- Military training disrupts Port Arthur
- Local officials say they were unprepared
for questions, complaints from residents about exercises
- From staff reports
- The Department of Defense conducted training
Friday in Port Aransas similar to exercises earlier this week in Kingsville,
Channel 6 News reported.
- Port Aransas Mayor Glenn Martin said
he didn't know how to answer questions from residents about the training
because he hadn't been notified.
- "I didn't know what was going on,"
Martin said. "They were calling me up asking me about a bunch of black
helicopters." Carol Darby, a spokeswoman for Army Special Operations
Command in Fort Bragg, said this week that the public never is notified
before such exercises because it poses an security risk and also a danger
to residents, who tend to gather to watch.
- She has said that there may be other
exercises in Kingsville, Corpus Christi and around Fort Sam Houston before
next Saturday but didn't elaborate.
- Darby has said that as the world grows
more urban, it is important for special forces to practice their skills
in a variety of urban environments.
- Monday's training in Kingsville led to
a fire in the abandoned former police station. Army officials have said
they will pay for the damage.
- Staff writer Doreen C. Bowens contributed
to this report. She can be reached at 886-4334 or by e-mail at email@example.com
- Maneuvers Surprise Kingsville
- By Mary Lee Grant Staff Writer
- KINGSVILLE - Army troops from Fort Bragg, N.C., conducted a practice operation
that frightened unsuspecting residents and caused a fire in the abandoned
former police station.
- One part of the exercise included grenade
explosions that broke the windows of the abandoned former Exxon building,
Police Chief Felipe Garza said Tuesday.
- Several abandoned downtown buildings
were used Monday evening by Army Special Operations Command troops from
Fort Bragg and by the Kingsville Police Department.
- Officials said the exercise involved
eight Apache helicopters, which flew low over town dropping off officers
in a two-block area.
- Garza said the exercises were part of
urban environmental training for the Army, so they can learn to fight in
- Garza wouldn't go into further detail
about the maneuvers. "It was secret," he said. "I really
can't talk a lot about it. But no one was hurt and that was the important
- `Routine training'
- "This is routine training for special
operations," said Maj. Jeff Fanto, spokesman for the command headquarters
at MacDill Air Force Base in Florida. "They're practicing skills of
getting in and out of urban areas and special operations for the missions
they're responsible for."
- Kingsville was chosen as a site for the
operations because one of the officers was from Kingsville, Garza said.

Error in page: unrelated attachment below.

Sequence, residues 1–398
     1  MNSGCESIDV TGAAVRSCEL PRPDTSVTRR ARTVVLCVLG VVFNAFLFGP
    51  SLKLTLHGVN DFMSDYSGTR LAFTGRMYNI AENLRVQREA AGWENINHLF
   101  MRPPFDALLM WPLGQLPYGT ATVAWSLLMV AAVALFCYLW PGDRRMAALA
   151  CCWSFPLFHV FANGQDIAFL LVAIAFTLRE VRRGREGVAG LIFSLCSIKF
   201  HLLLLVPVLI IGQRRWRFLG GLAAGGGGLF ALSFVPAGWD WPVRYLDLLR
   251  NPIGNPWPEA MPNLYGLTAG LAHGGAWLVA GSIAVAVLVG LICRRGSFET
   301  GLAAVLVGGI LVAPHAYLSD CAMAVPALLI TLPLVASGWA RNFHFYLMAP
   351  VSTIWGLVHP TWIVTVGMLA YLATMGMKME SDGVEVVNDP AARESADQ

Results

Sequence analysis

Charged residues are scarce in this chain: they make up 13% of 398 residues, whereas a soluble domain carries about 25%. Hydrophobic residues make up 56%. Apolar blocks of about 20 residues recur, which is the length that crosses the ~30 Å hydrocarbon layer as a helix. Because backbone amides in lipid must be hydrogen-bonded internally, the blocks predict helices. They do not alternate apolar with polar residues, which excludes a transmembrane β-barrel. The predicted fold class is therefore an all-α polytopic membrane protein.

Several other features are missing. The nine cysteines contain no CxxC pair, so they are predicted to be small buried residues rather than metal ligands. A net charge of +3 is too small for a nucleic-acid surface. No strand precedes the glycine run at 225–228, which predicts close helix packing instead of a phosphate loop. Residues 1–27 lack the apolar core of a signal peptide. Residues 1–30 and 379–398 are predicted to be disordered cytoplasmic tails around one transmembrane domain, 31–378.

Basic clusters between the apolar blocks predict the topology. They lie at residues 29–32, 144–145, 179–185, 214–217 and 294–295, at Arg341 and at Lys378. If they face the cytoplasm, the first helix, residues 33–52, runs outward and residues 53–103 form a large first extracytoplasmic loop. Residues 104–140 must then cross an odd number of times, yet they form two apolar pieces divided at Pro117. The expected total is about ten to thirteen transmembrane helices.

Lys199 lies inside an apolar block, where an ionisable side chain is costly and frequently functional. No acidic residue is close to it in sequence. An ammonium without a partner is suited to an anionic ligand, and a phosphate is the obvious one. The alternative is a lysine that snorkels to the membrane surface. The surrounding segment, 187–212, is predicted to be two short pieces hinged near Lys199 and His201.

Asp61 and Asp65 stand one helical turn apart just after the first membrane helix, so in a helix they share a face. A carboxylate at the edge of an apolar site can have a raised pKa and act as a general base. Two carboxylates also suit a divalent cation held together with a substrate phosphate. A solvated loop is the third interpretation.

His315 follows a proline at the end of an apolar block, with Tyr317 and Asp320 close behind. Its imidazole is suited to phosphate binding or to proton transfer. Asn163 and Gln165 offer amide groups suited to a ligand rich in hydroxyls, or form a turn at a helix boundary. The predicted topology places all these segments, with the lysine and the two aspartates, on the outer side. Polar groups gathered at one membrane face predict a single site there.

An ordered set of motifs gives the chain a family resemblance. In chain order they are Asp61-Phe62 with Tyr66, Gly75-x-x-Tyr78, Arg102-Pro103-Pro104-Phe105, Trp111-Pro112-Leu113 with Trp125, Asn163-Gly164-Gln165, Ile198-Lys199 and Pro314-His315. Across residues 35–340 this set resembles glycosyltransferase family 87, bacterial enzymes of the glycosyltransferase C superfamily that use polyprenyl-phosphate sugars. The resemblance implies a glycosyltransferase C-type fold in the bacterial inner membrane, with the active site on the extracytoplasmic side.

- The fire in the old police department
at 200 N. 6th St. started at about 8 p.m. and was put out in about 20 minutes,
Kingsville Fire Department Capt. Roel Cavazos said.
- The interior of the building was destroyed
and serious structural damage was done to the roof, Cavazos said. Expensive
electrical equipment was also damaged, he said. "There was some electrical
equipment that caught on fire," Cavazos said. "They tried to
contain the fire themselves and apparently it went out of control."
- No estimate of the damage was available,
he said. The military offered the city compensation for the damage, Cavazos
- Fire and broken windows
- The fire was caused by a welding torch
cutting through steel wires as part of the military maneuvers, Garza said.
- "The fire department was on alert,"
the police chief said. "So we were ready."
- Garza said grenades were set off in the
abandoned Exxon building on Sixth Street about a block from the old police
station, causing the windows to shatter. "It was safe because the
windows were boarded up," Garza said.
- Local reaction
- County officials were surprised by the
- "I didn't know about it until people
asked me about it today," said Kleberg County Judge Allen May. "I
don't think people were very upset by it."
- Garza said he received about 50 phone
calls from residents concerned about the maneuvers. "Some were upset,
but most understood," he said.
- Maria Garcia, 35, a secretary, said the
helicopters flew over her house south of Kingsville, shaking the walls
and rattling pictures. "I went outside and I had no idea what was
going on," she said. "I was scared."
- Randall Jarris, 42, a farmer, said he
resented the maneuvers. "I don't really like this town being turned
into a war zone," he said. "Someone could have gotten hurt."
- Staff writer Mary Lee Grant can be reached
at 886-3752 or by e-mail at firstname.lastname@example.org. Staff writer Doreen Bowens
contributed to this report.